As I argued here, our history has made us vulnerable to military interventions in politics, right from the beginning of the country. As we get close the next general election, there will be a lot of talk of yet another coup of some form. Is there no end to this cycle?
While commenting on an early draft of my post on the chronology of coups and mutinies, a friend suggested I turn it into a long form magazine, or even semi-academic article. Now, I am not in a position to write anything long form — or short, op ed, form either; dear reader, this blog is the only thing I write in these days. If I were writing a long article, I would pose two questions:
1. Did history pre-dispose Bangladesh to military interventions?
2. How do we end the cycle of interventions?
This post tackles the first question. There maybe a separate post on the second one.
The country of Bengal is a land where, owing to the climate’s favouring the base, the dust of dissension is always rising – so said the Mughal court chronicler Abul Fazl in the 16th century. Four hundred years later, the People’s Republic of Bangladesh has been a country where the dust of dissension has repeatedly risen among the men armed to guard the republic. The allegedly thwarted coup in January is but the latest in a long list of coups / mutinies / revolutions / military interventions going all the way back to the country’s very foundation in 1971.
The country’s founder Sheikh Mujibur Rahman was killed with most of his family in a brutal coup in 1975. Within a decade of the country’s 1971 Liberation War against Pakistan, much of the political and military leadership of the war were either killed or politically delegitimized by successive coups. And the coups of the 1970s reverberate even today, as Humayun Ahmed (a popular novelist) found out recently — Mr Ahmed’s latest novel, set in 1975, has been effectively banned because his depiction of history doesn’t suit the version favoured by Bangladesh’s current political dispensation. The politicised quest for what Naeem Mohaiemen calls shothik itihash (correct history) stifles the freedom of speech and thought, and sets back academia and creativity.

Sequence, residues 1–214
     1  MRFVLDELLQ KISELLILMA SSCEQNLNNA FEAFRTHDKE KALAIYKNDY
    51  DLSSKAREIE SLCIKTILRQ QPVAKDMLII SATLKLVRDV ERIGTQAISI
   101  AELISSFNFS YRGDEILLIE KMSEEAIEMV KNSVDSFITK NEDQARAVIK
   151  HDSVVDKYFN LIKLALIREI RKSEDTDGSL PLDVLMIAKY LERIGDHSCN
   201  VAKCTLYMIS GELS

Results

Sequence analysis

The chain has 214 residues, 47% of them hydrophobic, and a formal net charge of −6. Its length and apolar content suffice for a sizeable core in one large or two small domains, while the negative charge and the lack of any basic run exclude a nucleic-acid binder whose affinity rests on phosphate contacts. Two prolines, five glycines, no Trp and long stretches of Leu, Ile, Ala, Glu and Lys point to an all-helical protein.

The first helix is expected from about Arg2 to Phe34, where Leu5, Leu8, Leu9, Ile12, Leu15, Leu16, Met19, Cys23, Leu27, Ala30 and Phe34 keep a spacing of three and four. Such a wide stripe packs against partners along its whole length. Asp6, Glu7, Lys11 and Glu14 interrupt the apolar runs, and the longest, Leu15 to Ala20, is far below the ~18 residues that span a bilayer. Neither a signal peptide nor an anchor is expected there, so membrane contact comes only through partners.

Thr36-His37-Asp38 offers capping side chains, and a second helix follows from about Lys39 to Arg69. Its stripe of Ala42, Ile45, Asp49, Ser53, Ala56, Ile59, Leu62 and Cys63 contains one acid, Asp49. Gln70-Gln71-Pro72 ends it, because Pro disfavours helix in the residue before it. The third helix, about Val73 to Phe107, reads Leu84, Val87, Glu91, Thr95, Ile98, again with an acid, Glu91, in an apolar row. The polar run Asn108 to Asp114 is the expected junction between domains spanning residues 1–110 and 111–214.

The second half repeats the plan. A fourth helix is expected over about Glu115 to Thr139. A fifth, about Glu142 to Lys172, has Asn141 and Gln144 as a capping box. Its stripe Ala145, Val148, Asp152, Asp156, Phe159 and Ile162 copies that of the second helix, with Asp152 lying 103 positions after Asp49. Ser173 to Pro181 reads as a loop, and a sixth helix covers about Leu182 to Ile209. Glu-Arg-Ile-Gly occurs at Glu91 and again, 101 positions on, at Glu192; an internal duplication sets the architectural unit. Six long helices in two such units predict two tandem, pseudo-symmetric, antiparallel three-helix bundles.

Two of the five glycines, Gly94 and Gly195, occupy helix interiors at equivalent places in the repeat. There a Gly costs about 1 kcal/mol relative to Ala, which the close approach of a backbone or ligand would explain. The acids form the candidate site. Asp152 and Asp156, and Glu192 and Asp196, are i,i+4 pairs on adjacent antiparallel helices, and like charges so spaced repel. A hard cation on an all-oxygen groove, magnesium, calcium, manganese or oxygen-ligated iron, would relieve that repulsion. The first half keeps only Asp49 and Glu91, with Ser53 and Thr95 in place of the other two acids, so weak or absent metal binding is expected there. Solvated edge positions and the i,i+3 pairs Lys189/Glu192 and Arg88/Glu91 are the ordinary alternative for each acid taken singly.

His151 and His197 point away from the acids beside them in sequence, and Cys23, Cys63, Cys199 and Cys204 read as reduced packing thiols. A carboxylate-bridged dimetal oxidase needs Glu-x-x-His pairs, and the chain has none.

Of course, what actually happened in the 1970s, and beyond, should be subject to serious debate. History isn’t, after all, mere recount of dates and facts. History should be about understanding what happened and why they happened. Needless to say, one’s understanding depends on one’s own political biases.
Over the folder, I summarise major mutinies/coups/rebellions of the past four decades, and the narrative reflects my own biases and ideological prisms – just as one’s terrorist is another’s freedom fighter, so is one’s mutiny someone else’s revolution. For the interested reader, a reading list is provided at the end.
Nineteenth century British Prime Minister Benjamin Disraeli is meant to have quipped ‘There are three kinds of lies: lies, damned lies, and statistics’. It seems to me that in Bangladesh we have three kinds of lies: lies, damned lies, and Zia-bashing.
Sometimes these lies about Ziaur Rahman get out of hand. For example, when Quamrul Islam, the State Minister for Law, claimed Zia was a Pakistani spy, even some of his fellow partymen thought he went too far. And the mainstream media, otherwise happy to partake in Zia-bashing, chastened him. The minister eventually backtracked.
But such backtracking is rare. The usual state-of-affair is one of unabashed series of distortions, half-truths, and intellectual bullying when it comes to Ziaur Rahman. And no, I am not talking about the Prime Minister or senior Awami League leaders’ bloviation. I am talking about what passes for conventional wisdom among our pundits and intellectuals when it comes to Zia’s views on Mujib, 15 August, Jamaat or India.
On each of these subjects, Zia’s positions are presented in the worst light possible by the supposedly non-partisan punditry. The irony is that his political opponents have adopted, in one form or other, most of his ideas. And the tragic thing is, his own political heirs are completely ignorant of his legacy.